The so called wall shrubs deserve a try as well. These flowering varieties are very easy to grow and will add colour to the garden in spring. The flowering quince (Chaenomeles) is a delight in Spring as it blooms on bare wood. It is a very tolerant shrub that can be grown in any type of soil in sun or shade. You may prefer, however, the evergreen Californian lilac with its spectacular flowering in late spring, when it is covered with blue blossoms. Or maybe will you fall for the timeless Cotoneaster horizontalis and its bright red berries.

Californian lilac by Georg Eiermann


You might wonder, what’s about the roses or the Clematis? Stay tuned in...

In the meantime, here are some of the best climbers to grow:

 Plant Name Size Aspect Season of Interest Foliage Fragrance Beneficial to Wildlife
Passiflora Caerulea 12 x 4m Full sun to Partial shade White and purple flowers in Summer deciduous No yes
Jasminum Officinale

5 x 5m

Full sun to Partial shade White flowers in Summer deciduous yes, strong yes
Jasminum Polyanthum 3 x 3m Dappled Shade White flowers in Spring Evergreen yes No
Wisteria Sinensis >12 x >8m Full sun to Partial shade Lilac flowers in late spring and early summer deciduous yes yes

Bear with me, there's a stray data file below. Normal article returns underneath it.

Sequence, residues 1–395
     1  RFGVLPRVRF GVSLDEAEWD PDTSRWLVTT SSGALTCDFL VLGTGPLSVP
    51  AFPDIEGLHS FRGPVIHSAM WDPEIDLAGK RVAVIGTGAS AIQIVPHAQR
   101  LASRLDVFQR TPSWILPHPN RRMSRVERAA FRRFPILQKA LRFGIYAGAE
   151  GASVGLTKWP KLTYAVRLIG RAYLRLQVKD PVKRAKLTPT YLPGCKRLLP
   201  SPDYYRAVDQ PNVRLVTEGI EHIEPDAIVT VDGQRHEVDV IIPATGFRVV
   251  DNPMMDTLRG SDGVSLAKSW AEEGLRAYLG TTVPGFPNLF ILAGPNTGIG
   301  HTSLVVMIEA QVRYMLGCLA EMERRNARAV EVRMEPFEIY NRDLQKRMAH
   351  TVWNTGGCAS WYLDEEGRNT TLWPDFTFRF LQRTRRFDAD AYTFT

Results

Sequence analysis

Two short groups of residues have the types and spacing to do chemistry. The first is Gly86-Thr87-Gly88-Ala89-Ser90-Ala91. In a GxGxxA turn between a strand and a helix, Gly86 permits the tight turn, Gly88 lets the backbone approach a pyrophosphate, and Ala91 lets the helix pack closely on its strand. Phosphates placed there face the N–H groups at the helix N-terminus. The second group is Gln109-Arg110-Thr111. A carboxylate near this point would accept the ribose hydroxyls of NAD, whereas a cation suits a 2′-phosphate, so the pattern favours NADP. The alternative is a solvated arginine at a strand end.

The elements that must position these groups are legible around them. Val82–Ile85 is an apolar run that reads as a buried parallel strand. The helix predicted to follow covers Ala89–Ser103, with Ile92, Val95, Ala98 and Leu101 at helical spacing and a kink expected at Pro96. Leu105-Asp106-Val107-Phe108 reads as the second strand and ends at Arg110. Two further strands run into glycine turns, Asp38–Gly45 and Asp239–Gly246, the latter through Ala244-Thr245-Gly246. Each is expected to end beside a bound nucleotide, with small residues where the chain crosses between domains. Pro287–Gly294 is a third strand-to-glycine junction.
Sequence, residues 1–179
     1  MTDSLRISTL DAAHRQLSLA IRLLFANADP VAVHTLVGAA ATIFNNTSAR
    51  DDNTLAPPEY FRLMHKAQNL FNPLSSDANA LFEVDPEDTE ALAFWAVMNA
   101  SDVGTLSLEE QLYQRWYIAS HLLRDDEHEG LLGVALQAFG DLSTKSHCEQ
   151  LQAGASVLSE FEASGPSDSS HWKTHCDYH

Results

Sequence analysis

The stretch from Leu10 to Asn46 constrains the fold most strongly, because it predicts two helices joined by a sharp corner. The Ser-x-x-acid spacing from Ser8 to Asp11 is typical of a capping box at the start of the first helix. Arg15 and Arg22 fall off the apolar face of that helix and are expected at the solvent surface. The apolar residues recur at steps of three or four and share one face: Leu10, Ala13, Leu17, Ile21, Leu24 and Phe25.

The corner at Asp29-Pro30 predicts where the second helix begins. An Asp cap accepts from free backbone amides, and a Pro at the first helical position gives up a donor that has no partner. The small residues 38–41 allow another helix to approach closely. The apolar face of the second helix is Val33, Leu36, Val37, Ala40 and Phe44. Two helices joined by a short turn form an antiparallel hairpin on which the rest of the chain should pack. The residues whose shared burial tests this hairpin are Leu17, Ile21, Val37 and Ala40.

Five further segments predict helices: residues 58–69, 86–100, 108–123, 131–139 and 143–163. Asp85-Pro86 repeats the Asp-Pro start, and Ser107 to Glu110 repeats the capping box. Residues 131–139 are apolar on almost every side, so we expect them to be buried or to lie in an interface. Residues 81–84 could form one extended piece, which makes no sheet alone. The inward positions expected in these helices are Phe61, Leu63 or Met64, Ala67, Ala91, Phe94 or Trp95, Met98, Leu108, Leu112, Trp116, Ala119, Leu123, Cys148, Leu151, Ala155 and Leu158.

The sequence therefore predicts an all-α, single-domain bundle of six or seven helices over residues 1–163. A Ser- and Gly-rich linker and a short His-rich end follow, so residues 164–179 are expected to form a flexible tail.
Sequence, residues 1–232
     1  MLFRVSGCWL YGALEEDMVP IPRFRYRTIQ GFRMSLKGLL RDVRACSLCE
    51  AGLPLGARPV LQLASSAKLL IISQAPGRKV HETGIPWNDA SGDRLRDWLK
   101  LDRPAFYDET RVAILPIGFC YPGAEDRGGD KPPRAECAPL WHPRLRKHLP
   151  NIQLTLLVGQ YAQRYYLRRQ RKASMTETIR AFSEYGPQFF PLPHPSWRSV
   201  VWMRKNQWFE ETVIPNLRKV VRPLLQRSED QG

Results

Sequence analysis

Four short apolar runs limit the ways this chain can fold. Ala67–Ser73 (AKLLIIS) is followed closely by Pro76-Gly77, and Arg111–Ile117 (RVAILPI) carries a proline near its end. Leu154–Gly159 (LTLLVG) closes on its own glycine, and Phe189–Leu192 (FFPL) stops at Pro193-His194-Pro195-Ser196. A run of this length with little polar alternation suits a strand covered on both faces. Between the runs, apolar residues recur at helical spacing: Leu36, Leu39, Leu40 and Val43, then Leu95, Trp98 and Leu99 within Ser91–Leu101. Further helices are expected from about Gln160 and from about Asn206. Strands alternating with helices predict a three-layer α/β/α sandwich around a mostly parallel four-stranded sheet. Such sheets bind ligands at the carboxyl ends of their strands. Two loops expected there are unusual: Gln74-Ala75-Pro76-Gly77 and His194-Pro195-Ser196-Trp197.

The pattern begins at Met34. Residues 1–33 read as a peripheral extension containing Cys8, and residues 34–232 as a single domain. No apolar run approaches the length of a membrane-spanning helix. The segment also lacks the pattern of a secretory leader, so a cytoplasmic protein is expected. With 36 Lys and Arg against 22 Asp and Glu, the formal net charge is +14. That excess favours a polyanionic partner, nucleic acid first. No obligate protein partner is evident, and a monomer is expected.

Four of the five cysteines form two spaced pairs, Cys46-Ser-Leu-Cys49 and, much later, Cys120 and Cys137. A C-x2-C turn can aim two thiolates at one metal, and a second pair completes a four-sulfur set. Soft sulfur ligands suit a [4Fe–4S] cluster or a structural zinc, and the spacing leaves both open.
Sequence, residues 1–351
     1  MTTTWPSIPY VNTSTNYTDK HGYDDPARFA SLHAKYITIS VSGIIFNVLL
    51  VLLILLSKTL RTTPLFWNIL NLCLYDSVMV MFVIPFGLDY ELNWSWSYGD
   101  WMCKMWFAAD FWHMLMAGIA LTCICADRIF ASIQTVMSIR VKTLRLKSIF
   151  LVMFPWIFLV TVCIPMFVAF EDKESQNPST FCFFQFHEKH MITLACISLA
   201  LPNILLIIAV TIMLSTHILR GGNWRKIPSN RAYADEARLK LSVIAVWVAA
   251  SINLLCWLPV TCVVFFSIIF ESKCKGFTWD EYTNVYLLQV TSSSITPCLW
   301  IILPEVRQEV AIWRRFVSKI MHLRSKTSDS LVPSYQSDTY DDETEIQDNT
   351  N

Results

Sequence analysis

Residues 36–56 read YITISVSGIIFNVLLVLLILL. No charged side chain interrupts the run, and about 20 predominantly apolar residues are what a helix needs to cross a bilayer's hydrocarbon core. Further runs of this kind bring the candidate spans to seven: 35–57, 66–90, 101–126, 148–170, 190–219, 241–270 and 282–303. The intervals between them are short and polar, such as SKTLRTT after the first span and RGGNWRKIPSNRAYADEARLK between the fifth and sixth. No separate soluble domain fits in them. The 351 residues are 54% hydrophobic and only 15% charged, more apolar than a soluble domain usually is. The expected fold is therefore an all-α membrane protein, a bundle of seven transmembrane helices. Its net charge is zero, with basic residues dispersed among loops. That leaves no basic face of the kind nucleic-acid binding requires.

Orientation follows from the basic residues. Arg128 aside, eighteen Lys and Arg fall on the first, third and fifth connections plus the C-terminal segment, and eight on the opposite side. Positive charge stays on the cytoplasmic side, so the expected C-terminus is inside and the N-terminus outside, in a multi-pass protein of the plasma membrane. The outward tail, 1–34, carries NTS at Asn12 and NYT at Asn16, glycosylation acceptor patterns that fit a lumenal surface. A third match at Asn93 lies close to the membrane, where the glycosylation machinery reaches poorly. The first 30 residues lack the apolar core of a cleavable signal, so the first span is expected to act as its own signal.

Lonicera 'Hall's Prolific'

6 x 1.5m

Full sun to Partial shade White and Yellow in spring and summer deciduous yes, strong yes
Lonicera Henryi 6 x 1m Full sun to Partial shade Yellow and crimson flowers in Summer Evergreen No yes
Solanum Jasminoides 6 x 2m Full sun White flowers in summer and into autumn Semi-Evergreen yes, light No
Solanum 'Glasnevin' 6 x 2m Full sun Purple flowers in Summer and into autumn Semi-Evergreen yes, light yes
Pileostegia Viburnoides 6 x 1.5m Full sun to Full shade White flowers in summer and into autumn Evergreen No yes
Parthenocissus Henryana 9 x 3m Dappled Shade Autumn when foliage changes colour deciduous No No
Parthenocissus Tricuspidata >12 x >8m Full sun to Full shade Autumn when foliage changes colour deciduous No No
Hedera 'Sulphur Heart' 3 x 2m Full sun to Full shade Grown for foliage. Flowers in Autumn, Fruits in winter Evergreen No yes
Hedera 'Gloire de Marengo' 3 x 2m Full sun to Full shade Grown for foliage. Flowers in Autumn, Fruits in winter Evergreen No yes
Pyracantha 3 x 3m Full sun to Partial shade White flowers in Spring, Berries in Autumn Evergreen No yes
Trachelospermum Jasminoides 9 x 5m Full sun to Dappled shade White flowers in Summer, reddish foliage in winter Evergreen yes, strong No
Hydrangea Petiolaris 15 x 5m Full sun to Full shade White flowers in Summer deciduous No No
Chaenomeles Japonica 1 x 2m Full sun to Full shade Orange-red flowers in Spring deciduous No yes
Ceanothus 'Trewithen Blue' 6 x 8m Full sun Blue flowers in early summer Evergreen yes, light yes
Cotoneaster Horizontalis 0.5 x 1.8m Full sun to Partial shade Pink flowers in Summer, Red berries in Autumn deciduous No yes